Poor Man's Jettisoning / Ejectable Battery Box


#1

Hi there,

After watching too many videos of LiPo batteries catching fire, I was really uncomfortable with the thought of flying with a potential fire hazard that could melt the harness or the glider lines. That would be an extreme scenario, but looking at the size of the balls of fire that lipos can produce, it didn’t seem like a good idea. Here is my attempt at a poor man’s ejectable battery box.
This box fits 2 or 4 of the 6s 22000mAh LiPos (like the Bonkas).
It uses the existing holes on the back plate of the frame for support.
Some considerations:

  1. thought about making it aluminum, but saw lipo fires documented at over 1300 F and lasting over 15 minutes. Aluminum would melt at around 1200 F. So, I went with steel. Heavier, but withstands about 2500F. Some of the High temperature resistant (fire proof) carbon fiber would be the ideal material, but I couldn’t find any. Plus, it seems like even if the carbon fiber itself resists the fire, the resins might not, so it would have to be some very specific material.
  2. No welding used. It is all steel rivets connecting Home Depot 0.019 Steel Sheets. Finished with decorative carbon fiber vinyl.
  3. Wanted some sort of mechanism to eject the box in case of fire.
  4. the bottom is opened, to try and release pressure in case of fire. The opening has a flat to try to divert the fire/gases down and back, away from the pilot / harness / glider.
  5. Total weight - 1540g

Hope to inspire someone with a lot more talent and tools.
I have tested the contraption and it releases upon pulling the ejection cable. So far, my tests have not shown the batteries to get hot, but I have not done a full throttle till the battery dies. That is one thing I worry, wether the batteries are going to get hotter because they are in a closed box.

This is coming out of my unit as soon as Paul releases the official OpenPPg battery box.

Here it is:


#2

Nice job looks really neat…when you pull out the pin I guess the box drops away and the shear weight of the unit will seperate the battery connectors
Dave


#3

That’s right. I was trying to come up with some mechanism to do that. Then I once I was testing the resistance on the pin and forgot that the batteries where inside. I pulled the pin and the whole thing came off. It worked.
Of course, in a real life situation, there will be some degree of the props hitting the box as well.


#4

Hi Artrec - Do you have any pix of how you mounted the box to the frame?


#5

Very simple, the bottom part has an angled 1in wide tongue(covered with sticky Velcro to protect the frame) that hooks inside one of the frame holes. The box rests on top of two of the frame screws.
There are 2 rubber donuts that create pressure pulling the box away from the frame. Finally, another metal tongue slides into one of the slots and is held in place under pressure by the pin.



#6

Very cool!

But I’m wondering… If you secured the batteries with Velcro straps without the box, wouldn’t a fire burn those straps pretty quickly causing the batteries to fall away, achieving the same result?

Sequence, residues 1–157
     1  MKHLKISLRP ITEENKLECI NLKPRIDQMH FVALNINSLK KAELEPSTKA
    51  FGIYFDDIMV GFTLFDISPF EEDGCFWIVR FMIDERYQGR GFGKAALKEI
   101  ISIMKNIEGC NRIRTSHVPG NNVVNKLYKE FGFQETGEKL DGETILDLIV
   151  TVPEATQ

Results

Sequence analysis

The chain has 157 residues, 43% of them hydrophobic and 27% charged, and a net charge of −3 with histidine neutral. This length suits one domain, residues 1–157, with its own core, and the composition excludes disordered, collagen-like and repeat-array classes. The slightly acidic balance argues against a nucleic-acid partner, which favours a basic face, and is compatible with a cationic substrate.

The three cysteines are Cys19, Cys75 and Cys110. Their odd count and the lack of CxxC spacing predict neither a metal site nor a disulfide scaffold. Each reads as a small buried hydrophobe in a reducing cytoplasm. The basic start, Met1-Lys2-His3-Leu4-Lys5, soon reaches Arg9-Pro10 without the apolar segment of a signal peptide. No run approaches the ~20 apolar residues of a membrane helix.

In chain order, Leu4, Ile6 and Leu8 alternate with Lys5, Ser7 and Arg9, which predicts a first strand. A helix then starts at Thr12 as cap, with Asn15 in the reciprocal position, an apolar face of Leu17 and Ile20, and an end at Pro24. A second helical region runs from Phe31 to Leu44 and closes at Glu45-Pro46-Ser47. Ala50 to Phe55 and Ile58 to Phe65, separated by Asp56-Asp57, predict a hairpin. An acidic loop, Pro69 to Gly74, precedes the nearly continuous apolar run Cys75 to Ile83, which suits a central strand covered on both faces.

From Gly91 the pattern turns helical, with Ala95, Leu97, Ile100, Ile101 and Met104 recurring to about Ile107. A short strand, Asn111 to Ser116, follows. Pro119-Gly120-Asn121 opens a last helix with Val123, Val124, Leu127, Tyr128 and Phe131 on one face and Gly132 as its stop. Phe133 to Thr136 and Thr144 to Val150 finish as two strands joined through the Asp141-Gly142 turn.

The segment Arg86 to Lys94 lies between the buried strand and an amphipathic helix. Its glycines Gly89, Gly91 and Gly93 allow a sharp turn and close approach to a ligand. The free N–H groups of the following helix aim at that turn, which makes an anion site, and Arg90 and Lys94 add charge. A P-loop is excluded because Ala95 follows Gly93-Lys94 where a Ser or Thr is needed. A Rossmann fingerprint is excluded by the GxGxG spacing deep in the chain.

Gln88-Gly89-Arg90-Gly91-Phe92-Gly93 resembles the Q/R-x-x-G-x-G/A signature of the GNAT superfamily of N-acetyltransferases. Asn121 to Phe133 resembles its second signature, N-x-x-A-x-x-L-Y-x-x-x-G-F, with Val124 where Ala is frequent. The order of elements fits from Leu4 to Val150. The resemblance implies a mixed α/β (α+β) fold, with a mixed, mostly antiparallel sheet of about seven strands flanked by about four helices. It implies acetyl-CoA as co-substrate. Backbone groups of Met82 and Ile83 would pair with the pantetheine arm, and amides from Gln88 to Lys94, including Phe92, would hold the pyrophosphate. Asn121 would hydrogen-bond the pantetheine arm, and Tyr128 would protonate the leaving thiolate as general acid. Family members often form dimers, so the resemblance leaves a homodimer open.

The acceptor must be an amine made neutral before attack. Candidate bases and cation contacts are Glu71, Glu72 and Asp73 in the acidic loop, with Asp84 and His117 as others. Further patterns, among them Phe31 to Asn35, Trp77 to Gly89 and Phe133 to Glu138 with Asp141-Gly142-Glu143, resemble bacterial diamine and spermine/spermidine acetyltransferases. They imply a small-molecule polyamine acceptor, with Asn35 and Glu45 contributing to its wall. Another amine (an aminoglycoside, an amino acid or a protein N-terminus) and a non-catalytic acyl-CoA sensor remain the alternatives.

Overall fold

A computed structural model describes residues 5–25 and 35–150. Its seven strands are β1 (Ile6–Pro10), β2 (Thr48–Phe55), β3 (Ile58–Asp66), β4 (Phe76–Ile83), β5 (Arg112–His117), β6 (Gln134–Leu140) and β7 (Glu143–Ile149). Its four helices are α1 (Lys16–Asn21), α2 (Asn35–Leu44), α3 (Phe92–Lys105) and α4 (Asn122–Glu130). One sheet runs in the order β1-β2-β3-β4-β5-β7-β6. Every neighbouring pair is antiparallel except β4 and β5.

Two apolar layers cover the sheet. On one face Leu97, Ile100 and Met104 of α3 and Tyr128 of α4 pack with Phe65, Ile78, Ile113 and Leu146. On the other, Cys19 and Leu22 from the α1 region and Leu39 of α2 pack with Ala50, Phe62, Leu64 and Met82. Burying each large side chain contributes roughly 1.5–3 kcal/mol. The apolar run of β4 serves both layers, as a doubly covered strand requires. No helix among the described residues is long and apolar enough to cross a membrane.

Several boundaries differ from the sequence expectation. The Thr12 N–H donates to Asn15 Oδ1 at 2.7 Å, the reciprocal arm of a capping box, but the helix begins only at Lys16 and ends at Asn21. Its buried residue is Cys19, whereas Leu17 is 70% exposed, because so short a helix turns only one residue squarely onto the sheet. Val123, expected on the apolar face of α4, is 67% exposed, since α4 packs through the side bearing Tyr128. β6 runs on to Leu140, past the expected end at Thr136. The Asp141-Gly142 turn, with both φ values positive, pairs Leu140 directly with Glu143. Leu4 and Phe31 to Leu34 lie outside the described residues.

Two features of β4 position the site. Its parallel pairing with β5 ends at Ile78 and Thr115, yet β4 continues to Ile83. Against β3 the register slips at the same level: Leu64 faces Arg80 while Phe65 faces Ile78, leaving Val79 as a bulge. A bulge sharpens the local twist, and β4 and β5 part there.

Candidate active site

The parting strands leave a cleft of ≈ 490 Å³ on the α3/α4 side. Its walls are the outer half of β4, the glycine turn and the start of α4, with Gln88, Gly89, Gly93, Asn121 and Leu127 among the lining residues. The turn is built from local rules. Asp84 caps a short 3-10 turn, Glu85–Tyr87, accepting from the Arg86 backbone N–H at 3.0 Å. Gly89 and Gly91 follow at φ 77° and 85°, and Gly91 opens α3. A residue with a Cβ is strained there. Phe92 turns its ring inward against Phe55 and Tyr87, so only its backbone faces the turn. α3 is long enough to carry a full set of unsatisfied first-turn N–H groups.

#7

It might just work. Don’t know how long it would take or if the weight of the battery alone would make it fall vs. dangle on fire on your back / legs. But eventually it would melt the connectors and fall off.


#8

What we need is some real life testing… Any volunteers to put flaming batteries on your PPG? :wink:


#9

@artrec would you be interested in selling these? I may be interested in getting one


#10

I barely had the time to make one for myself. But @Pdwhite is apparently working on some sort of proper battery box for openppg.


#11

Nice job! I was wondering if two or more prop blades happened to be in the way of the box when released and preventing/delaying it from falling away? Are the blades tips reaching the back cover in anyway?
I am very interested in building one too for the same reasons. Thanks:)


#12

So, the box need to tilt back a little before it falls off. Ideally it should fall straight down.
It seems like the 2 bottom props would not stop the fall, as any inclination from the top part of the box would probably just spin the bottom props out of the way.
There is an angle at which the 2 top props could catch the box as the overlap the box by about 5 cm. I think if both too props are in that position at the same time they would prevent the box from falling. If it is only one, it should not be a problem, as the box would fall to the prop free side, turn and spin the blocking prop out of the way.
I think it would be unlikely that both top props would be at the critical position at the same time.
If they do, I would wiggle in the harness and swing the glider.
But ideally, in a better design, the box would just fall straight down.


#13

Thanks! What thickness steel did you use?


#14

That article, serves one purpose only to me, regular intervals of checking if batteries are overheating. This person used them for yrs without an issue. Tendrils, or what ever they call those internal growths, finally got to long and bam, fire

Cheers, Patrick


#15

I found this vid of the ESP8266 being used as a wireless temperature sensor - can these be used for multiple inputs on one ESP8266 ? Do you have to have a router type scenario to get the reading?

https://www.youtube.com/watch?v=7tGPpG_9hik

Cheers, Patrick


#16

28 GA steel sheet metal


#17

So I’m working on and ESP32 for the flight computer now. It will monitor RPMs, current, voltage etc. It will also talk to the BMS chips, which have temp monitoring built in via thermistor. So that should do the trick.


#18

Thank you for your response.


#19

Also need to be careful where to drop that heavy burning inferno …


#20

The flight computer you’re working on… Is this something that will be incorporated into OpenPPG or is this just something you’re making for yourself?